Turkey signals deal on EU force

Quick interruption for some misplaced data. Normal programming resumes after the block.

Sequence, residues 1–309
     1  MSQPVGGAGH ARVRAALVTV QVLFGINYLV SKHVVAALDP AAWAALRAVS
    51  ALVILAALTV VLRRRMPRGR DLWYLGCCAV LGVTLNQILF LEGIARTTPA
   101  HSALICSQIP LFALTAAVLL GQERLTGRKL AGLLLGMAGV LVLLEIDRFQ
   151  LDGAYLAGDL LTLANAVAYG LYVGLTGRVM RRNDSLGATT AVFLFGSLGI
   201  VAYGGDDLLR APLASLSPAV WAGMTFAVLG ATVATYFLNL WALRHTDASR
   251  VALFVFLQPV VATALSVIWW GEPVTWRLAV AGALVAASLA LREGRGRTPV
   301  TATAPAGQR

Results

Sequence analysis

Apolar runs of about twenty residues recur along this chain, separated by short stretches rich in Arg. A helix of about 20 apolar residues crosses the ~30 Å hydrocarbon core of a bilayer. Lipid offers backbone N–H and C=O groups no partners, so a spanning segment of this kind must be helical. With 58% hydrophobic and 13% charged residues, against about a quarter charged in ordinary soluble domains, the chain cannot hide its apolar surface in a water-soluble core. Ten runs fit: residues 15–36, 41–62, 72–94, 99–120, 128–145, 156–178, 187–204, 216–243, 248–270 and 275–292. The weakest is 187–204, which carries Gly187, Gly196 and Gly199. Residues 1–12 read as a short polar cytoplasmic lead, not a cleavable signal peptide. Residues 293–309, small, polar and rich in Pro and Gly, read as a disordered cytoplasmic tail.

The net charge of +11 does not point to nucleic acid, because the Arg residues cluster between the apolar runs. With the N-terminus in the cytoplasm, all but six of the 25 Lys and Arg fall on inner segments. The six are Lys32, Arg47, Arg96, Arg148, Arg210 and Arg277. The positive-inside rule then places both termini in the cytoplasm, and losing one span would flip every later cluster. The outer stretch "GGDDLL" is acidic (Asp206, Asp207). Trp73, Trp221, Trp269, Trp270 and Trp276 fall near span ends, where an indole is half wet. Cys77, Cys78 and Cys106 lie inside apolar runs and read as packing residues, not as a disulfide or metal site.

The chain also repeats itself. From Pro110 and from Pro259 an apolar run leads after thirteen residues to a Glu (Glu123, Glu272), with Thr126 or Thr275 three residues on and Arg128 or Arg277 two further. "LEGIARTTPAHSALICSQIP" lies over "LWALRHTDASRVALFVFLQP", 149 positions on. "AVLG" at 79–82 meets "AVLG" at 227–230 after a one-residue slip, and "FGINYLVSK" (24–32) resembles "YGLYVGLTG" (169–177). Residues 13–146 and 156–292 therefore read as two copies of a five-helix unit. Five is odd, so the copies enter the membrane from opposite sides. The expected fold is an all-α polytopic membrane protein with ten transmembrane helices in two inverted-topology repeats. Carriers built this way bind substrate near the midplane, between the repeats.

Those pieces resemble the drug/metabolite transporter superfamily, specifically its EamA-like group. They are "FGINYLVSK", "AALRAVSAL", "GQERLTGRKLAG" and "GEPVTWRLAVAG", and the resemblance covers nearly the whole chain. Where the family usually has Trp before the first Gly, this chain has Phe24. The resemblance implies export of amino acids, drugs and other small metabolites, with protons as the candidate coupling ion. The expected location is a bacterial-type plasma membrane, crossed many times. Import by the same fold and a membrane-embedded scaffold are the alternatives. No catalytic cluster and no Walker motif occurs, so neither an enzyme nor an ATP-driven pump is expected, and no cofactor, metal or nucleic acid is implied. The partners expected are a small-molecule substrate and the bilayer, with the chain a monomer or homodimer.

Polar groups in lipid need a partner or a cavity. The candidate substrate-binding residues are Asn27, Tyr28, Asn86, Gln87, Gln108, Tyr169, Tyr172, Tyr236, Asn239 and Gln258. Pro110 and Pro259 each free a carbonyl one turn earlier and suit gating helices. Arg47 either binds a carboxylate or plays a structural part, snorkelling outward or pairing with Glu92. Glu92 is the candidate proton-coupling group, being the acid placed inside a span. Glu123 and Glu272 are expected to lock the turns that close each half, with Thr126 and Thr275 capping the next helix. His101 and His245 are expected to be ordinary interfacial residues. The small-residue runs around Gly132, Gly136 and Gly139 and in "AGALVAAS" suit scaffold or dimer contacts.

Turkey signaled yesterday that it was ready to strike a deal with the European Union over the bloc’s efforts to create a European defense force, following an unscheduled summit of the country’s military and political leaders chaired by Prime Minister Bulent Ecevit. A deal would allow Turkey, which is not an EU member, to have a say in military decisions involving the use of NATO facilities. Turkey’s private NTV television channel reported that Ankara had accepted an EU promise that the force would not be involved in disputes between NATO members and that Turkey would be involved in decision-making if the European force took on a mission in a nearby region. NTV said also that Turkey had withdrawn its claim to have a say in all of the army’s operations and that the force would not enjoy automatic access to NATO facilities. Greece has warned it will veto any decision leaving Cyprus and the Aegean Sea out of the area of operations. «Our justified expectations have been met to a great extent. It wouldn’t be right to give details at this time,» Ecevit said after the meeting. US Secretary of State Colin Powell, who is due in Ankara tomorrow, is expected to discuss the issue with Turkish officials, in addition to Cyprus. Belgian Prime Minister Guy Verhofstadt, visiting Athens on Saturday, said: «Even if Turkey continues to put up obstacles… we will still declare the force operational at Laeken,» on December 14-15. «If that happens, the declaration… will be one of cooperation with NATO on a case-by-case basis.» As Nikos Constantopoulos, leader of the Left Coalition party and a leading lawyer, notes: «There is no division of powers, but a confusion of powers, since political power has always tried to subjugate the judiciary.»

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